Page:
In the realm of the knowledge worker, information is often created and saved as documents – which can represent contracts, purchase orders, agreements, trade secrets, internal processes, intellectual property, financial data, corporate reports, health information, personal and private human resources information, payroll and tax documents – an almost unlimited variety of information that is used to run an organization, share ideas, and complete workflows. This corporate data has little utility when owned by and available to an individual only – the benefit of documents in an EFSS is the ability to share and collaborate on them with people both inside and outside an organization. The content in these files is for the most part confidential, or at least it is meant to be shared within a small group of people and not the public in general, so a requisite level of security should be used when storing and authorizing access to these types of data. Also driving the need to protect this information are growing bodies of legislation, policies, regulations, and best practices that require certain handling methods, mostly around ensuring the confidentiality of this information. Current methods of sharing this information include attaching files to email messages, uploading to FTP servers, or saving to some kind of media such as CDs, flash drives, and other physical devices that are then mailed or couriered to recipients. The main issue is the security and ease of use of these delivery methods. If a medical record is not properly secured, and if for example confidential patient information is sent but intercepted or viewed by an unauthorized person, that patient’s right to confidentiality has been breached. A patient’s expectations of privacy and confidentiality are codified in the health information privacy and accountability act (HIPAA), so breaching that patient’s information not only puts the patient at risk, the sender and the sender’s organization are subject to breach notification requirements as well as fines from the U.S. Department of Health and Human Services Office of Civil Rights. Losing important intellectual property or trade secrets can also put an entire organization in jeopardy if that information diminishes the value of a product or service, gives a competitor an advantage, or enables someone to use that information against you. Ultimately, EFSS is a capability that enables employees to work more productively, with less overhead and time spent trying to safely share files and documents, and fits the increasingly collaborative workplace and environment of the global economy. All of these capabilities come with risk, which is why EFSS needs to be closely managed and controlled by the IT group. Security Concerns of EFSS EFSS is not without its pitfalls. While it can accelerate and simplify access to your files and documents, the potential for poking holes into the fabric of an organization’s network to create paths for corporate data to traverse to unmanaged endpoints is alarming. When EFSS is used or configured improperly, hacked by a malicious agent, or acts as the conduit for an accidental disclosure to the wrong person, exfiltration of confidential data can cause irreparable harm to an organization, trigger a breach notification, result in fines, and erode trust between the company and its customers, clients, and partners. Also, because of the bi-directional nature of EFSS, companies run the risk of having malware enter the corporate network from an unsecured endpoint. When files reside on a PC or laptop – in a standard file system – it should be noted that these files may or may not be encrypted. Most EFSS solutions will not be actively protecting these files with cryptography because they are simply files on the file system. However, in order to synchronize files across different machines and devices, those files may have to be copied and stored on a central server that handles synchronization and also serves these files to users through web and mobile clients. An EFSS solution should be capable of encrypting those files stored on the server while at rest.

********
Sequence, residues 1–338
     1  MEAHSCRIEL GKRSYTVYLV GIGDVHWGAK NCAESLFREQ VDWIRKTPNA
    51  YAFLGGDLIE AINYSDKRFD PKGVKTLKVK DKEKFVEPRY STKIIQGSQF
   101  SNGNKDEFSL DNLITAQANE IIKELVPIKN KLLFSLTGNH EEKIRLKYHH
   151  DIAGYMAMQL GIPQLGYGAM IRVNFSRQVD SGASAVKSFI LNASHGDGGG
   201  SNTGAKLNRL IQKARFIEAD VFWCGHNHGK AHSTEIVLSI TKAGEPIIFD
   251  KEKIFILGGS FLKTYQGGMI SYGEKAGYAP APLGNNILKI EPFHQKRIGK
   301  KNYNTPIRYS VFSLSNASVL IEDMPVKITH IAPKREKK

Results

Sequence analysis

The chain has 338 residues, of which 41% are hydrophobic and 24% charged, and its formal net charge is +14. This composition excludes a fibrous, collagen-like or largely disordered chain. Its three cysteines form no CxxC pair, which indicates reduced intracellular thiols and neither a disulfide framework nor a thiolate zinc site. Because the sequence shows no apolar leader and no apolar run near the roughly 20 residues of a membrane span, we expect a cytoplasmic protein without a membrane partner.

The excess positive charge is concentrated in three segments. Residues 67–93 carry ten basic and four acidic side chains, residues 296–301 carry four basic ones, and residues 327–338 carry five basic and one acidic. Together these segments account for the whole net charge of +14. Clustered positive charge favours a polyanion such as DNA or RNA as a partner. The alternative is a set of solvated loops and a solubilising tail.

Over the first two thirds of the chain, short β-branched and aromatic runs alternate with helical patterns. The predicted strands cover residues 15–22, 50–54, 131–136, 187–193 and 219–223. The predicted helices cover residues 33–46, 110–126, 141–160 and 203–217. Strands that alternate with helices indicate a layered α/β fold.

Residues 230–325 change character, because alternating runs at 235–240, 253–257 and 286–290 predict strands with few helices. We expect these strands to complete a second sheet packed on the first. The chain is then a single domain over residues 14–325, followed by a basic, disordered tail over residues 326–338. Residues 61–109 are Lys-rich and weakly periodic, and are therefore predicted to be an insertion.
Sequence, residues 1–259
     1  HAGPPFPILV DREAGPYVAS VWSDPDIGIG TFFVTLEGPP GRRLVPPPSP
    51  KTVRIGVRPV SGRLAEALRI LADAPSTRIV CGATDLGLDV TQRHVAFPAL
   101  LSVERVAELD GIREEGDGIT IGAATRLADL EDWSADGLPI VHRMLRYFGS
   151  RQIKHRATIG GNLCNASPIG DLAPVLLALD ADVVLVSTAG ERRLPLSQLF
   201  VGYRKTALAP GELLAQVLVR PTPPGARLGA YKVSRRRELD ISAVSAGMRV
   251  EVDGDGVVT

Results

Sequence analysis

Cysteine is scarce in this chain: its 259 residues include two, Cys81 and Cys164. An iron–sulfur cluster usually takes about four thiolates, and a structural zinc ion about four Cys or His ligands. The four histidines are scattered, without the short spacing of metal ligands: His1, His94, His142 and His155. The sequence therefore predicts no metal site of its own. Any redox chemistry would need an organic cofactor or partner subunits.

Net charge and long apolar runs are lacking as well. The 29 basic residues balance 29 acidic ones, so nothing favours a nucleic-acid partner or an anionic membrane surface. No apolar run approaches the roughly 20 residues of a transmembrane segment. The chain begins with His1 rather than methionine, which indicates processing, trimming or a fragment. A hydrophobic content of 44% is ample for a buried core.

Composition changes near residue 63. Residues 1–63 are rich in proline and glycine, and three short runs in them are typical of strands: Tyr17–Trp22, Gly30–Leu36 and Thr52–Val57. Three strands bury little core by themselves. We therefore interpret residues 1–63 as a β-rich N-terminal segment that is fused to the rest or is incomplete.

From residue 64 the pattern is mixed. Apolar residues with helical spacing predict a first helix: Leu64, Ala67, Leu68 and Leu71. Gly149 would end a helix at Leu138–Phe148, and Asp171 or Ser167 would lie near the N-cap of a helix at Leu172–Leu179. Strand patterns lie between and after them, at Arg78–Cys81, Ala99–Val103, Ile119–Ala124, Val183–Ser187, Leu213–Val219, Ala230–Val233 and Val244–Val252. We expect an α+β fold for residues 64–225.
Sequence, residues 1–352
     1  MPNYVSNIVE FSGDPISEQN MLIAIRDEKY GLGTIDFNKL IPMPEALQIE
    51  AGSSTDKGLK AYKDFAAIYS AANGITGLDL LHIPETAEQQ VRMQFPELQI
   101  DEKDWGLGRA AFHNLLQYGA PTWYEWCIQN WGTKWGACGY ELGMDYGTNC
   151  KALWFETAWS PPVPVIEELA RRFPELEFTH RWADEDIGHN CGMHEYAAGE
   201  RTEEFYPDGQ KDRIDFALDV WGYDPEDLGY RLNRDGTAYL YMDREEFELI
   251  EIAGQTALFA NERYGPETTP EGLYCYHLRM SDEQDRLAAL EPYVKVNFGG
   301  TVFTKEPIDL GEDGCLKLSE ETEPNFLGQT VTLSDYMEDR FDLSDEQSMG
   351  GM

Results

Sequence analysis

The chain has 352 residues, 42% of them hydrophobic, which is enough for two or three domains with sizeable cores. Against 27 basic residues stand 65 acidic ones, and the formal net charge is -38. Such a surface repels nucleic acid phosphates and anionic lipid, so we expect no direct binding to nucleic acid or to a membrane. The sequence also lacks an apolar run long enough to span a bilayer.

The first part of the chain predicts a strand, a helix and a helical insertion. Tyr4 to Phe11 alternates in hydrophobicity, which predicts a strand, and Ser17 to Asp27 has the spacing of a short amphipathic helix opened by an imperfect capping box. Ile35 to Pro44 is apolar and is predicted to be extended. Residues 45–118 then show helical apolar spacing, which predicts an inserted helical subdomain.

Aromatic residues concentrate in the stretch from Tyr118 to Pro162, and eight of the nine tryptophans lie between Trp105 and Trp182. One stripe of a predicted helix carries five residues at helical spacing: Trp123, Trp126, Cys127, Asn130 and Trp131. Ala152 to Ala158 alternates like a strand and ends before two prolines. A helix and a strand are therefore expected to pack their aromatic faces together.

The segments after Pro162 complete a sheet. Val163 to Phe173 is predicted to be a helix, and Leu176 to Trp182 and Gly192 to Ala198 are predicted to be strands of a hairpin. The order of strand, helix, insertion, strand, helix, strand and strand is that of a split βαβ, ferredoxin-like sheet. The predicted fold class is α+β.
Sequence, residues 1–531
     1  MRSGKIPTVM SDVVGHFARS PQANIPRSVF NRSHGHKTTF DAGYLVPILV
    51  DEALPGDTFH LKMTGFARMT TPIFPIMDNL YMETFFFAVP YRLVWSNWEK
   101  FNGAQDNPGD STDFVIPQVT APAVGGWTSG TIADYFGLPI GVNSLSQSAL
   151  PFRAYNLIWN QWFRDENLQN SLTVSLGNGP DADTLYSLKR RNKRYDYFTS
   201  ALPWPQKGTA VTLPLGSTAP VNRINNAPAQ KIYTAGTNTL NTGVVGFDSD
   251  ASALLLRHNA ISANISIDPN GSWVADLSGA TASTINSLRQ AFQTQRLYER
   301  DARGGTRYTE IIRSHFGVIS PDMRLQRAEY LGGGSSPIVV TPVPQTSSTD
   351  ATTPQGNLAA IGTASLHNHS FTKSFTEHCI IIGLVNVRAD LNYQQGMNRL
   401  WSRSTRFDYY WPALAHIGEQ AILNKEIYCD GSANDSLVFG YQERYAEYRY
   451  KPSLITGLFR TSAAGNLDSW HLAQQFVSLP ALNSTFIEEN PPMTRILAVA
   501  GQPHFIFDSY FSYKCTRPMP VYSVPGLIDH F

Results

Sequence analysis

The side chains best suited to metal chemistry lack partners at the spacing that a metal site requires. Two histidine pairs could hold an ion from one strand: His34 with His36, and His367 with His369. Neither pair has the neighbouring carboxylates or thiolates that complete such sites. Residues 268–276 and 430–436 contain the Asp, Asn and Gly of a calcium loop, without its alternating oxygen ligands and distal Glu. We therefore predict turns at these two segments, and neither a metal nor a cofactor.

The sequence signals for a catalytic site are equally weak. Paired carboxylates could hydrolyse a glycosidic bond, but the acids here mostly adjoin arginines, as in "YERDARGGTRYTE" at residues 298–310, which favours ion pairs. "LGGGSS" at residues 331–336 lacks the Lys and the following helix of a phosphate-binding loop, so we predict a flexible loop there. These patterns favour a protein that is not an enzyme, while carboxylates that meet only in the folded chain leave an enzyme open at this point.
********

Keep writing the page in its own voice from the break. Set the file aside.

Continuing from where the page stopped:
Deploying EFSS in Your Organization